Before long, Izzy was struggling to get up or fight back, and Connor Nackedy moved in for the kill. Rhine Rewind, right in the middle of the ring. No chance to grab the ropes or slide out of the ring.
She didn’t need them, kicking out just before Barlow’s count reached three.
Feeding off the crowd’s energy, Izzy pressed the attack again–she grabbed Nackedy’s arm, held it across her knee, and fell backwards. As Connor fell back and clutched his arm in pain, Sia moved in and went for the Keyholder…but Nackedy managed to break the hold by driving his knee into the gap and separating Sia’s hands.
It took them a while to get back up, obviously needing a breather from the exertion and frustration, and simultaneously got up at six. They went right at each other again, sensing that the next big move could be the one that ended it.
That move looked to be delivered by Connor as he set up the Rhine Rewind again, but Sia quickly countered right into the Keyholder! Nackedy’s arm was locked in tight, but he had just enough range to graze his foot against the bottom rope, and Ashley Barlow forced the break!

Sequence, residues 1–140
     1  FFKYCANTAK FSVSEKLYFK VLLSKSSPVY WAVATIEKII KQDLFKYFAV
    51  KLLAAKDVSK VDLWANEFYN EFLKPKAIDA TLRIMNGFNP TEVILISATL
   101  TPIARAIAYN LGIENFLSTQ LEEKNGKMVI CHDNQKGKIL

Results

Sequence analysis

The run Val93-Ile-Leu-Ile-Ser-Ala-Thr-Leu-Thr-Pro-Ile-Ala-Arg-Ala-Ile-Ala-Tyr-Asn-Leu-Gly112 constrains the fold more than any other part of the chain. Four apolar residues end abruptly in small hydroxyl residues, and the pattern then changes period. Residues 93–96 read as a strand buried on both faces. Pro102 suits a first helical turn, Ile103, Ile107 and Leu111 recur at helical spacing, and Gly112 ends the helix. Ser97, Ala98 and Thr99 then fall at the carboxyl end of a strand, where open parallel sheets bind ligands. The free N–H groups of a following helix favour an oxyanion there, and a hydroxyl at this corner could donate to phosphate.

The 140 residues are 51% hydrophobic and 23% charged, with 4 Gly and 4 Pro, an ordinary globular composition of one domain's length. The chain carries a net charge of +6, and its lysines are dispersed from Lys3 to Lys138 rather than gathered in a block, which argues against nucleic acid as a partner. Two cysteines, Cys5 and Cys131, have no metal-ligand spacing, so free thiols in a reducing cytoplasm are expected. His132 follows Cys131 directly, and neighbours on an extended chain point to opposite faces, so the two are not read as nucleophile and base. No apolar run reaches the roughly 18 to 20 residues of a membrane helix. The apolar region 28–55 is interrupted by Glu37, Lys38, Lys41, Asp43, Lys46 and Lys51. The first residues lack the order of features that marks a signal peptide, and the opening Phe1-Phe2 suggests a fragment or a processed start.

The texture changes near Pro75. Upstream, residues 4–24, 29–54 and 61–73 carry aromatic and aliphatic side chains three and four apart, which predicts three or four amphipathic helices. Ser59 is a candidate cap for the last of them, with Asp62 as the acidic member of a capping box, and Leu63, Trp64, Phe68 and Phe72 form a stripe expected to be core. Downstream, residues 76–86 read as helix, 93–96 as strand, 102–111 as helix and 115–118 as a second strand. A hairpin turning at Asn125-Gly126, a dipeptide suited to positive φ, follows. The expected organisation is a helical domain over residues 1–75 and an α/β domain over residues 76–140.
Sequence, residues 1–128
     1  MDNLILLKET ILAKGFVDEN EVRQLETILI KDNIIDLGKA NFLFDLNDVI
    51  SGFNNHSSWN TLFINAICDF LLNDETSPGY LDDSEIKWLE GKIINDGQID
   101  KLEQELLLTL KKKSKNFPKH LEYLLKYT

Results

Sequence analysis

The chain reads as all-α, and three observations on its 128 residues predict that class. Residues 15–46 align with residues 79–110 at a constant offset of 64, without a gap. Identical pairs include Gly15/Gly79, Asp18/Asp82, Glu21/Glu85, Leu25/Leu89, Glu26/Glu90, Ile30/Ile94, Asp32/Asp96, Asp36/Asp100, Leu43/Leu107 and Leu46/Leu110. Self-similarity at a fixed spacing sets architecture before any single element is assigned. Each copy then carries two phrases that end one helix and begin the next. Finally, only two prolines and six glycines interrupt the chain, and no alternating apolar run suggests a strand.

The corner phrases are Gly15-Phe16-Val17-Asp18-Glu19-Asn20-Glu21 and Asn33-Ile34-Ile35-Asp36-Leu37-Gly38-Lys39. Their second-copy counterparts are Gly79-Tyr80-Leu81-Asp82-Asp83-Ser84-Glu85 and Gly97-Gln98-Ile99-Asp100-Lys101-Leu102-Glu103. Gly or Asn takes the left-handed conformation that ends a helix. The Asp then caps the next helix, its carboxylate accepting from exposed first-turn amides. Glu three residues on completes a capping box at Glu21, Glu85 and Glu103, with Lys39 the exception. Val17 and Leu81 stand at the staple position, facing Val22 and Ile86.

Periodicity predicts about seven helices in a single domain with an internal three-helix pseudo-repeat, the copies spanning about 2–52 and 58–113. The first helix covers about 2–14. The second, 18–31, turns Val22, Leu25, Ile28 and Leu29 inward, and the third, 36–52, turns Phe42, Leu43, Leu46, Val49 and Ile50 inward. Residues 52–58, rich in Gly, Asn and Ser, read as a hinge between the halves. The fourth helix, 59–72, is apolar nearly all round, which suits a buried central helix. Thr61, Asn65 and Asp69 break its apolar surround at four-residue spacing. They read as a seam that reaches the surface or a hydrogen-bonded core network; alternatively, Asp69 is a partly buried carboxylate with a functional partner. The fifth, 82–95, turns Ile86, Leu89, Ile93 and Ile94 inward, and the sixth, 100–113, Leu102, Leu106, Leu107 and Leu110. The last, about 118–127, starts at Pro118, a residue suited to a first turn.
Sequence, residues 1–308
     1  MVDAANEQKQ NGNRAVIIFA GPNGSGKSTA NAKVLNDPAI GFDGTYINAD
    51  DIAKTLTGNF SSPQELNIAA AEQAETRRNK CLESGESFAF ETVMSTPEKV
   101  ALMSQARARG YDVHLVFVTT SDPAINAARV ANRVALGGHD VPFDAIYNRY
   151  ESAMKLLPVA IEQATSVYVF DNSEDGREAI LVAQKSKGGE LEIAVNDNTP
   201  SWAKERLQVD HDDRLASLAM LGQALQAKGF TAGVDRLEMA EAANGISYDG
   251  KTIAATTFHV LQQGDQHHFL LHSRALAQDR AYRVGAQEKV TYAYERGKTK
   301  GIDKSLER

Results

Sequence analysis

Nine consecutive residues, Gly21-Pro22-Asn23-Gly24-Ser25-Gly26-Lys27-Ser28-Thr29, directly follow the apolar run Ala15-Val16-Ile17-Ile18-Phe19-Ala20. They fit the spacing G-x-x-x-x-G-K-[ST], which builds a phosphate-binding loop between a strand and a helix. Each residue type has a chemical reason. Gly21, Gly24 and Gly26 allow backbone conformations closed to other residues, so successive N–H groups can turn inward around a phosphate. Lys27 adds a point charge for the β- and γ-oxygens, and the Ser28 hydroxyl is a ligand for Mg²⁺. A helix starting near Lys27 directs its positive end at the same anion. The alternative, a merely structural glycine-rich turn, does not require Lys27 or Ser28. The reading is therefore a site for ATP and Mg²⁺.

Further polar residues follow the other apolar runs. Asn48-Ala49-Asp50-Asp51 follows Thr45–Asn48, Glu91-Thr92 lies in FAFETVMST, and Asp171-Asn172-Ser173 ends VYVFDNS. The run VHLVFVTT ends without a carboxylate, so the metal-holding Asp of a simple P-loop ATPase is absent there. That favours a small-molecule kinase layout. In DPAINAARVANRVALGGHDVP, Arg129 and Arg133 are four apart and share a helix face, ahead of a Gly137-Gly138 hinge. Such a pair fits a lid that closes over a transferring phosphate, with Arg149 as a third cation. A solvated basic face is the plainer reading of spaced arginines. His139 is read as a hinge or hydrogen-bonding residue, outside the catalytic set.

It was clear by now that either one would do anything to win…but “anything” can mean…well, anything.
To Izzy Sia, it clearly meant she was willing to try again for the submission. Connor would tap out, or suffer a broken arm. Either way, victory would be hers.
Not willing to lose her advantage, Sia slipped behind Connor and planted him with a tiger suplex, but didn’t go for the bridge! Instead, she went back for that right arm…but as she went to lock in the Keyholder one more time, Connor pulled her off balance and rolled her over, trapping her in a cradle. A well-timed counter and a perfectly-executed pinfall.
For Connor, “anything” meant finding a reason to push through the pain, the exhaustion, the frustration, and finding that spark in his heart that would lead to victory.